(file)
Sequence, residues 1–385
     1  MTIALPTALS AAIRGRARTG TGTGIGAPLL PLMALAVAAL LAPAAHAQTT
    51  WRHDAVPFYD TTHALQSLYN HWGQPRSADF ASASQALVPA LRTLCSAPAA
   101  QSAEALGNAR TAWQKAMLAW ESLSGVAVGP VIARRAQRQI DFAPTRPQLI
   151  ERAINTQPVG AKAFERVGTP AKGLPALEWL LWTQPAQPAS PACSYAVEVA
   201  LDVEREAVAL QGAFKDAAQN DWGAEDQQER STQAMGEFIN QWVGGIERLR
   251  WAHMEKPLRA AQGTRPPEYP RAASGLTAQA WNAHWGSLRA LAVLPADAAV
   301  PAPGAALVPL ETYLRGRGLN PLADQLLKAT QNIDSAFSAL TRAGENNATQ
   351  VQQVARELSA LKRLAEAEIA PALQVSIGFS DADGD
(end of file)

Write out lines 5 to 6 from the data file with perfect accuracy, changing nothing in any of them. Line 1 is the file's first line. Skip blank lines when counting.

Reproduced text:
   151  ERAINTQPVG AKAFERVGTP AKGLPALEWL LWTQPAQPAS PACSYAVEVA
   201  LDVEREAVAL QGAFKDAAQN DWGAEDQQER STQAMGEFIN QWVGGIERLR